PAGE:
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  • sholloman81
    replied
    Originally posted by Sock Monkey View Post

    I'm definitely looking forward to the collections. They seem to be more positively reviewed than GOTHIC, though I try to take book reviews with a grain of salt. I'll probably put a couple books between them and GOTHIC, though. I have this weird rule about not reading books by the same author back to back.

    Expectations are a killer. I've posted about this before on the forum, but the first time I read ANNIHILATION by Jeff Vandermeer, I absolutely hated it. It was such a slog and I couldn't understand the rave reviews. About two-thirds of the way through, I realized that I was actively fighting against the book because it wasn't what I had thought it would be. A vowed to give it another shot and a year later I read it again and absolutely loved it. (Still haven't finished the trilogy, though. But that's another story for another time.) Sometimes it's the book and sometimes it's who we are or what we expect when we approach the book.
    I don't think your rule about not reading books by the same author back-to-back is weird at all. I made that mistake a while back with a giant stack of Bentley Little books that I had accumulated, and it completely ruined him as an author for me. The books were fine, some of them were even exceptional, but reading them back-to-back made me notice how formulaic a lot of them were. I probably wouldn't have noticed or felt that way if I hadn't read them in that fashion.

    Glad you ended-up loving Annihilation! I'm a huge fan of the Area X books!

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  • Sock Monkey
    replied
    Originally posted by sholloman81 View Post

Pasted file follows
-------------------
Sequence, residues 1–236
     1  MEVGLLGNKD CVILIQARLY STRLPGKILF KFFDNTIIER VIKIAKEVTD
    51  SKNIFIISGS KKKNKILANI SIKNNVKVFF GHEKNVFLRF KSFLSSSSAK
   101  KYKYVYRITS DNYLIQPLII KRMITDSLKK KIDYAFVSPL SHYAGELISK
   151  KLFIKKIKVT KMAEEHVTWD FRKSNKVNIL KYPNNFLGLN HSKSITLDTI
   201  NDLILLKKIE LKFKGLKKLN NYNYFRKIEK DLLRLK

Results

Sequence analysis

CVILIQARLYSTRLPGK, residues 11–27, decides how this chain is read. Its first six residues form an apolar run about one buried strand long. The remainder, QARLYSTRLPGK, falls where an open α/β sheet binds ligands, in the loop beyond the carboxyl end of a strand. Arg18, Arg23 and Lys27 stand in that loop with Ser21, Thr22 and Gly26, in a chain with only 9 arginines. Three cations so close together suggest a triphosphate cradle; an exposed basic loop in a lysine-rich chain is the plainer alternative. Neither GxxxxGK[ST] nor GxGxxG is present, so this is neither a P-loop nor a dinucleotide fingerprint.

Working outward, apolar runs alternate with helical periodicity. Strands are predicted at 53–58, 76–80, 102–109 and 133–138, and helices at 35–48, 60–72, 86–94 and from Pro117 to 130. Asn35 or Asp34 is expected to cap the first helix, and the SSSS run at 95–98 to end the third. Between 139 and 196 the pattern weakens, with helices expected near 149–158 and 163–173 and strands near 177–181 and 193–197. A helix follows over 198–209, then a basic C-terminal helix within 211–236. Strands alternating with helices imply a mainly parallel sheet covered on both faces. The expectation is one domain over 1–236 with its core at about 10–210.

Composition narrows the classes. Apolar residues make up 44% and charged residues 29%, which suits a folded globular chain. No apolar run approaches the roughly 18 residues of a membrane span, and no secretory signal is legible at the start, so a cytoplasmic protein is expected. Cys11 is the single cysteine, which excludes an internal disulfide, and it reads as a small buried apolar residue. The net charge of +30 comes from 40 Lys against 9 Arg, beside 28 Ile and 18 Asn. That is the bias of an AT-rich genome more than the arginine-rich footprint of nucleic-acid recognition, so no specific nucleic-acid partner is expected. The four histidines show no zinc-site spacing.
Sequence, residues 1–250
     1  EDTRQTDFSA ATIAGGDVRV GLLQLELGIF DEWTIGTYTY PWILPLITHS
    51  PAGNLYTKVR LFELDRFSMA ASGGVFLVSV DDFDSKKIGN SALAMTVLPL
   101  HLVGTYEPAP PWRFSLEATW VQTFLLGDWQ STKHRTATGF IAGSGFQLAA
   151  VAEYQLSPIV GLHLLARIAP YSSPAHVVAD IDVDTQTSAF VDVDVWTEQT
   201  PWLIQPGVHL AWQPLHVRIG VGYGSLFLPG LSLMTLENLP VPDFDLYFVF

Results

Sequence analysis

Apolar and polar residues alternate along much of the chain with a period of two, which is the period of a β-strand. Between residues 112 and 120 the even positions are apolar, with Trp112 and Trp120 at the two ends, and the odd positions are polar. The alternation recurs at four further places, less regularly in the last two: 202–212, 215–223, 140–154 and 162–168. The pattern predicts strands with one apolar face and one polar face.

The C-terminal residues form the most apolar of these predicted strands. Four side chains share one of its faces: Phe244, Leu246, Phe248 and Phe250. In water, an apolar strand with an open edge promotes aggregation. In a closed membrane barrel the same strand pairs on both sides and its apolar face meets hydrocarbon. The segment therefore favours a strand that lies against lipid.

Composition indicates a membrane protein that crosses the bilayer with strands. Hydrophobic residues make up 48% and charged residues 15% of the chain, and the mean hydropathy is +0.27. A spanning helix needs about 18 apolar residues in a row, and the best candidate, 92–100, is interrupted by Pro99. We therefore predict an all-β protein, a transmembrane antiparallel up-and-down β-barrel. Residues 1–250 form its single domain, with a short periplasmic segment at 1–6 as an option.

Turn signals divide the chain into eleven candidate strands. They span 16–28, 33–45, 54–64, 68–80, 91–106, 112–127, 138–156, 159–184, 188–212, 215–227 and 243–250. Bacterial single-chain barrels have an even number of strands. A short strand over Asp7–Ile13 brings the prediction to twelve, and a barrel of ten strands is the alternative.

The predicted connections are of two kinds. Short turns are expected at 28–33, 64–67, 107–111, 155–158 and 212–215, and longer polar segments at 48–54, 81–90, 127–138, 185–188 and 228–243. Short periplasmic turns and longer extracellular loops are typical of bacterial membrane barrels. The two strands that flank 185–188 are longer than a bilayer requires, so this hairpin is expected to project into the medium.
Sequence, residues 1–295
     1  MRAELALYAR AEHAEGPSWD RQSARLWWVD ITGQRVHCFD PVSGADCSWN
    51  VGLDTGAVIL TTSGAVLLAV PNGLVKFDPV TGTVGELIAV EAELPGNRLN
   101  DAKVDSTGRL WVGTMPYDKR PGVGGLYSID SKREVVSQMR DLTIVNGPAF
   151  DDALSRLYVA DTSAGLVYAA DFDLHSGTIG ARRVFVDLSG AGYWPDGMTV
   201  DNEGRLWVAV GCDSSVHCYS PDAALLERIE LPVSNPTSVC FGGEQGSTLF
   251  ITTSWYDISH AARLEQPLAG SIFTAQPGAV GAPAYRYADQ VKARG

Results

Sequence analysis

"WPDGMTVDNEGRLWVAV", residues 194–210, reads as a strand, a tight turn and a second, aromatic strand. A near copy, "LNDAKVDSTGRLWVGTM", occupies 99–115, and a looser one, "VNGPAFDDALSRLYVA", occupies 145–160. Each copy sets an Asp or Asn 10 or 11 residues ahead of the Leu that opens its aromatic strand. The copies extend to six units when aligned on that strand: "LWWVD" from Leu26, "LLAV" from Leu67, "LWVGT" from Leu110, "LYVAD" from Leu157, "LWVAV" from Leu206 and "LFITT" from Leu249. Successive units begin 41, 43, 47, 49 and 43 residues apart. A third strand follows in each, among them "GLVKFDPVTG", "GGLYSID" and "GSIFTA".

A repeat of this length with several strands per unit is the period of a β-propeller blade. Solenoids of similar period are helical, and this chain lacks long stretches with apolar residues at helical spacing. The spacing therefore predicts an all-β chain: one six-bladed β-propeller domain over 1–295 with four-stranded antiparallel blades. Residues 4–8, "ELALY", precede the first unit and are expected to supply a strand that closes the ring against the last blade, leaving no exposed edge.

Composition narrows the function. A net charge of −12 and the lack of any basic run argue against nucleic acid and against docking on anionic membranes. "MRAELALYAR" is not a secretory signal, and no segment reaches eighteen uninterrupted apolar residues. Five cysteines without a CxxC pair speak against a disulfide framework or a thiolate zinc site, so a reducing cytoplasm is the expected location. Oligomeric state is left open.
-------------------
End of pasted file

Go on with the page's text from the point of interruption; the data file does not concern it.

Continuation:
While it seems that I liked it a bit more than you, this is honestly a pretty fair review. I haven't read Boys in the Valley yet; so, I can't speak to the hype train with that one, but if you haven't read his short story collections, they will knock your socks off. A part of me wondered the whole time I was reading Gothic if I was being harsher toward it just because it wasn't living up to the bar that the collections set.
    I'm definitely looking forward to the collections. They seem to be more positively reviewed than GOTHIC, though I try to take book reviews with a grain of salt. I'll probably put a couple books between them and GOTHIC, though. I have this weird rule about not reading books by the same author back to back.

    Expectations are a killer. I've posted about this before on the forum, but the first time I read ANNIHILATION by Jeff Vandermeer, I absolutely hated it. It was such a slog and I couldn't understand the rave reviews. About two-thirds of the way through, I realized that I was actively fighting against the book because it wasn't what I had thought it would be. A vowed to give it another shot and a year later I read it again and absolutely loved it. (Still haven't finished the trilogy, though. But that's another story for another time.) Sometimes it's the book and sometimes it's who we are or what we expect when we approach the book.